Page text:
Urban Freestyle Soccer
Acclaim and Gusto Games deliver something else than just another Pro Evolution Soccer or FIFA game as with Urban Freestyle Soccer we get real street soccer on our dinnerplate. Goodbye grass fields, goodbye soccer heroes and especially… goodbye soccer rules ! With a team of four young studs you can play a game against teams (/gangs, decide for yourself) from other neighbourhoods. Next to the two goals, two keepers and the fact that you can score by getting the ball crossed a line there is little left from the “normal” soccer.
At the small yards where the game is located you’ll rather be doing show movements than occupying yourself with stuff like tactics or lineup. In other words: this is a completely different game compared to the above mentioned FIFA/PES
UFS contains lots of game modes. Turf Wars is one of those where you have to win against the local team in different neighbourhoods. In between won matches you’ll get upgrade points to improve your team’s properties (speed, strength, technique, shooting). Completing Turf Wars will give you access to Home Turf where the exact opposite happens; everyone wants to take over your field. You’ll have to beat all teams one after another and once having been victorious the Street Challenge will get unlocked. This is some kind of competition (with 18 games) where a similar rating system as in normal soccer is used.
Next to these there’s Versus Mode and Quick Start where just a duel between two teams is played (Quick Start doesn’t give you the option to choose your teams).
Last but not least, there’s the Freestyle Mode where you win by score the most skillpoints. All in all quite some variation.
Also the different teams are pretty cool; from skaters and the nigga’ crew to latino’s, they all have their own looks and technique. Still, that last part isn’t really noticeable in-game.
So, how does this play ? Well, first of all it’s best to start with the Training Mode so that you get the basic moves of UFS explained. You can pass, lob, set up one-two’s, run up against walls, tackle and just plain hit your opponent to the ground. You can even use some of the surroundings to hit them with. Pretty rough and completely in accordance with the philosophy of the game.
The controls are handled through keyboard or gamepad. After a while you’ll have mastered most things but tackling for instance isn’t always as precise. In the beginning the special moves you can do by using specific key combinations may cause for some frustration, especially when not knowing what to do when the first netbusteres appear.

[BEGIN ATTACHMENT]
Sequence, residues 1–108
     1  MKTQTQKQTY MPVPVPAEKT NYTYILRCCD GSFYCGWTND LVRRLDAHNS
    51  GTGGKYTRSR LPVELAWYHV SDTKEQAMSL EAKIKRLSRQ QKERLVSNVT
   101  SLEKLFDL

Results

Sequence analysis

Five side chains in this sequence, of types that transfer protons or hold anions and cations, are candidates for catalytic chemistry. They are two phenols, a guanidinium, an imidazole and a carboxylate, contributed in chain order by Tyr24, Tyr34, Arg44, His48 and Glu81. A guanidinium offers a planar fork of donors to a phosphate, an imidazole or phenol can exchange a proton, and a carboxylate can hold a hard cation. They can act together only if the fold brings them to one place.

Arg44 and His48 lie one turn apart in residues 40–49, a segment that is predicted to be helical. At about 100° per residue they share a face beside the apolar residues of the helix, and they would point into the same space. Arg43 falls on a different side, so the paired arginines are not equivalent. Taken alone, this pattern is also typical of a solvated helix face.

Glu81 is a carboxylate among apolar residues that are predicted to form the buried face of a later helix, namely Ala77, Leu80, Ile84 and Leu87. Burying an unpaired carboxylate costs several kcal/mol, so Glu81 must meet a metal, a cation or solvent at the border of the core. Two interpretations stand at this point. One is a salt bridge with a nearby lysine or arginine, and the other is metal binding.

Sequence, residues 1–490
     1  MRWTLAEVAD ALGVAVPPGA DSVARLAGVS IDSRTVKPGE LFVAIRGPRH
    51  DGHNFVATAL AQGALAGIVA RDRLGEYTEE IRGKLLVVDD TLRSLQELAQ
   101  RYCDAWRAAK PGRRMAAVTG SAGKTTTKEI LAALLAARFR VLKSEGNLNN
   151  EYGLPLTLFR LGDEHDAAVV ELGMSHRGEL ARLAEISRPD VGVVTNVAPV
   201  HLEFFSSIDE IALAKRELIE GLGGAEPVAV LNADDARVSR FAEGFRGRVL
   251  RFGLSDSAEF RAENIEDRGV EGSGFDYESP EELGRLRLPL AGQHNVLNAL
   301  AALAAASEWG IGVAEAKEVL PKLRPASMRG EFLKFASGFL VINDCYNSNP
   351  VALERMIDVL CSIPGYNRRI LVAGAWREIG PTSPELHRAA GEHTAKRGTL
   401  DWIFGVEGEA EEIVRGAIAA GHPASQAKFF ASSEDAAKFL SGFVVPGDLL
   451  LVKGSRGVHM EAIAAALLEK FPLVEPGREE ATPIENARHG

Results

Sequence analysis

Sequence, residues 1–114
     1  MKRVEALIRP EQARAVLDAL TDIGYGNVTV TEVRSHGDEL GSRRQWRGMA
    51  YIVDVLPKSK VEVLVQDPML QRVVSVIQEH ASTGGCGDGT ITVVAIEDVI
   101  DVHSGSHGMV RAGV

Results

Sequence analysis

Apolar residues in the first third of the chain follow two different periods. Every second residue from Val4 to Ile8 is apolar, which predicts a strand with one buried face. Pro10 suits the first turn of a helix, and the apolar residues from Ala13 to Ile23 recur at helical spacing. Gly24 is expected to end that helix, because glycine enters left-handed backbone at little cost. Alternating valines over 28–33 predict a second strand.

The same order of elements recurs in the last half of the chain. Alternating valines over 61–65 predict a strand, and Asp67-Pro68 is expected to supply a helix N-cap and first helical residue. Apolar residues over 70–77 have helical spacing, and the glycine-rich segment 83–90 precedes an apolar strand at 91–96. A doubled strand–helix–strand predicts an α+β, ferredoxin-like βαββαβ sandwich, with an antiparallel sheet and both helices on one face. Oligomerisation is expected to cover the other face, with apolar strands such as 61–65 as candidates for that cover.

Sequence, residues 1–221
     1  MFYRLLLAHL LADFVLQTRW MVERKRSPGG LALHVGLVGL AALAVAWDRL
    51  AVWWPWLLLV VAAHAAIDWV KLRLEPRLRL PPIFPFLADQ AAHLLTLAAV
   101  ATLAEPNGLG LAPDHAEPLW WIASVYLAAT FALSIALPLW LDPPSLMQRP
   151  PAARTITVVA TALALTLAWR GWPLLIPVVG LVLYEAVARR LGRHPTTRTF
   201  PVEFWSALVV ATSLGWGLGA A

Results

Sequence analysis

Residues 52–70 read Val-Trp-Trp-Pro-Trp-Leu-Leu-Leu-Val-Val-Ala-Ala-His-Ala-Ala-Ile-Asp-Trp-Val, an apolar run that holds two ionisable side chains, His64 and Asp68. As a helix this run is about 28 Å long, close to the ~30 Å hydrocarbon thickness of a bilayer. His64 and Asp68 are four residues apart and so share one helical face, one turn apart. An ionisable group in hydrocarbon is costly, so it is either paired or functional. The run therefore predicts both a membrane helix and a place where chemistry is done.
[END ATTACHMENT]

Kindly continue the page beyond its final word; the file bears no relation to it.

“Netbusters ?” I hear you ask. These are some sort of power circles on the ground which appear for a couple of seconds when your skill bar at the top has been completely filled. Once you walk into one of those with your character holding the ball and make a special move a spectacular show move will take place which is almost always followed by a goal. You can compare it a bit with Fatality from Mortal Kombat, resistance is futile and your opponents will literally go down.
The graphics are decent but not world shocking. The characteres look convincing and the surroundings are filled with atmosphere but with close-ups before the game and after a score you’ll notice that the amount of detail in the models isn’t top-notch. The movements look great and I won’t say one single bad word concerning the music. Kicking the ball on the tones of “Go with the flow” of Quens of the Stone Age is always pleasant. Other groups like TLC, Feeder, Sub Urban and Method Man also give a hit to each team in the game.
The effects aren’t remarkable, neither in positive nor negative way.
This arcade-sports game has a couple of frustrating problems next to the graphical errors and some controle movements. The menu system can’t be used with a mouse and therefore shows too much like a console-game. As such this shouldn’t be a problem, but it does give the impression some things have been forgotten.
Saving and working with profiles is plenty available but when you want to shorten the length/difficulty of a game this will only happen for the new modes which you start. If you’re doing Turf Wars for instance, you’ll have to do with the settings as you set them up at the beginning.
The camera modes can be changed during a game and a positive note is that although there are only three available, they give a decent overview.
The replays are always a feast to watch but there’s no possibility to save your coolest scores, let alone to play with the camera angles during the replay. For a game with the emphasis lays on the moves, this is definitely a shame.
Changing your controls is yet another impossiblility while online multiplayer shines in not being present. Teammates sometimes just keep staring at a ball when it’s passing them while you would expect the AI to make them pick it up. Tackling is also something the AI isn’t capable of doing it seems and this shows itself even more due to the small amount of players and playing field. Going after the ball yourself is clearly the message.
Urban Freestyle Soccer contains a very original theme and for an arcade game a decent amount of modes and special moves. The atmosphere is definitely good with the music and overall design helping a lot to achieve this result. Unfortunately the games drops a few points in the details. The controls will require some getting used to and lots of little things clearly show we’re talking about a console port here. Despite the variety in modes and teams, UFS couldn’t keep my attention for very long.